In personal venues, I have no difficulty engaging with others and sharing my views. I’ve had enough face-to-face-offs and online troll fights to clarify my perspective, and in doing so I’ve weeded out “friends” who seem to think that hate speech is something to have a conversation about, as if there could be a give-and-take discourse about whom it’s okay to lock out of hope (nope, I won’t take that). So I know I can confidently express myself.

But artistically, I have never known what the hell I have to offer in that way. My attempts at social commentary have seemed ineffective, self-conscious, preachy, clumsy…I’m not a political artist and that has always made me feel a little sad, even guilty, especially during times of seemingly heightened conflict and tragedy.

I say seemingly heightened in order to acknowledge the inaccuracy of that panicky feeling, the one insisting that the world has never ever been this bad. In reality (not suggesting this makes anything that’s happened recently or that will happen in the coming days and weeks any better in any sense) lots of bad things have always happened, often lots of terrible things have happened at one time, and those who can stand up and illume with their art are always needed. Always.

So I have been thinking about the ongoing nature of unrest and how necessary art activism is in a world that forgets to preserve its own life force. And I’ve been looking for my role in all that.

But I think I must have gotten so wrapped up in roles and in the pain of witnessing the moment, I forgot that I already knew the answer to this personal and professional puzzle: Art is by its very nature a radical act.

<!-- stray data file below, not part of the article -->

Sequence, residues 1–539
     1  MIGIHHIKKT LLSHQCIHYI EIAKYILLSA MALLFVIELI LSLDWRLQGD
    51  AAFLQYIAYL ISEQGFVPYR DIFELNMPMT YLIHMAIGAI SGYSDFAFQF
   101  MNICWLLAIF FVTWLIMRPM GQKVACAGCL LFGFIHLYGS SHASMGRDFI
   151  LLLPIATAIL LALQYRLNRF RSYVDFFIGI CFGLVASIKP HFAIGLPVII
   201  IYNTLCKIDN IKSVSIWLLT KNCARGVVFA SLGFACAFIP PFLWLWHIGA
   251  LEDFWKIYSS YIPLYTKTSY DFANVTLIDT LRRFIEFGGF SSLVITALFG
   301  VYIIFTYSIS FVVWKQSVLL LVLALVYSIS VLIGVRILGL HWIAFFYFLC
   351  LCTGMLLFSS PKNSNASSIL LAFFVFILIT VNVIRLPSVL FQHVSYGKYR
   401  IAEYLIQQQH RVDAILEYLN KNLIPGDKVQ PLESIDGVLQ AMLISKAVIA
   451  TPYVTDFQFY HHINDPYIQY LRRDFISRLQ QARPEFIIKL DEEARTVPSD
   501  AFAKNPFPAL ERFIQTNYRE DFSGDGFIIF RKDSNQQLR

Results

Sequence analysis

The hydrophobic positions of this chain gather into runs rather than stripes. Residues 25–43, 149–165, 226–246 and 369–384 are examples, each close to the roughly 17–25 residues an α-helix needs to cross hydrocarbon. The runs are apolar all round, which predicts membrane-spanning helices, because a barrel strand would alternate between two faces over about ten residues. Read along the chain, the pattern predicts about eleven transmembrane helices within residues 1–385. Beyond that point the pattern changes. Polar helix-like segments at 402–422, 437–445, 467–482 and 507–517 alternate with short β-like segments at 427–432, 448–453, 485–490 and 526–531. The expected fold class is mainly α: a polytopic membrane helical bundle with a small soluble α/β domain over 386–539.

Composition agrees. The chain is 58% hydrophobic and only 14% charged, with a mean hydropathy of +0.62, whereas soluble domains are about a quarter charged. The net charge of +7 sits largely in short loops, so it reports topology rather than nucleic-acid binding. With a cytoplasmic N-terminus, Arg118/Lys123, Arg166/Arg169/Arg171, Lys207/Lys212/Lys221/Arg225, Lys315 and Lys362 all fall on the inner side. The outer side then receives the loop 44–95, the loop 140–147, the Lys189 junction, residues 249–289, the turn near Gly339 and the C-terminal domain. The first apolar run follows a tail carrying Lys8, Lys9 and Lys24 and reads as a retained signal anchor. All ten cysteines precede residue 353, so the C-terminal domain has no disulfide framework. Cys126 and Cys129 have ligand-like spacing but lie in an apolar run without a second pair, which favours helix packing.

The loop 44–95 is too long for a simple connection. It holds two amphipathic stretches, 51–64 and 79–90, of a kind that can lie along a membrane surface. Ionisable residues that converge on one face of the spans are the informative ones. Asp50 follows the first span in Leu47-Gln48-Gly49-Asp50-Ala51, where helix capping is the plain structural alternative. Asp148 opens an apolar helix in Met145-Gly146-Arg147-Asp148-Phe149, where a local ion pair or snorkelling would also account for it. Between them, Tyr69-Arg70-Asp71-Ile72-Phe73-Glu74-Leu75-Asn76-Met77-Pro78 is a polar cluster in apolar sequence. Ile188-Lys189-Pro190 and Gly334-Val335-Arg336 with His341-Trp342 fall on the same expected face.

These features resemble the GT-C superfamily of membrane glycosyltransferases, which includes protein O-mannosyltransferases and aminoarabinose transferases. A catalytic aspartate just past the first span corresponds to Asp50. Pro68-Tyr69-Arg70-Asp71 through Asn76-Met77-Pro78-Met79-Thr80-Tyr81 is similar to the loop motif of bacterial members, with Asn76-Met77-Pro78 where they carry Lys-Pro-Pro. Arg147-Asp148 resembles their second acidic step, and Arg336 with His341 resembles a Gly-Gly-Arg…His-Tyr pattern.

Art pushes back against the bleakness, the corruptness of inertia. It unseats unwelcome dominion over the spirit. Art is radical reclamation of energy. If we create, write, paint, whatever, we’re creating a light source. It will have all the properties light always has, to warm, to vitalize, to reveal the hidden.

Whatever I write about and whatever I paint is the only activism I have, and it’s enough no matter what it is. We are bombarded by the attitude that art is superfluous, even silly, a self-indulgent waste of time in a world of hurt. I am saying that’s a lie. Creating your art in a time of adversity is a rebellious act of beauty. Of course the pain hates to give an inch, as if it were conscious—doesn’t it seem so? But that’s precisely the time to lash out in a wave of creative purpose, no matter—not a single matter—whether your art is an event statement or simply a lyrical movement along the subtle body of your work.

When times get hard, when it’s all falling apart, I have to try to remember, though I am not a political artist, art is medicine to treat the locked jaw of the crisis mind. Art can mock or proclaim, but it can also just as effectively syphon strength from the ideological machinery of misery. Art rises. So, artists, you don’t have to be working on a statement piece. Please just get out of bed every day and art. You will have reclaimed that drop of creation for the whole good. That’s activism, baby.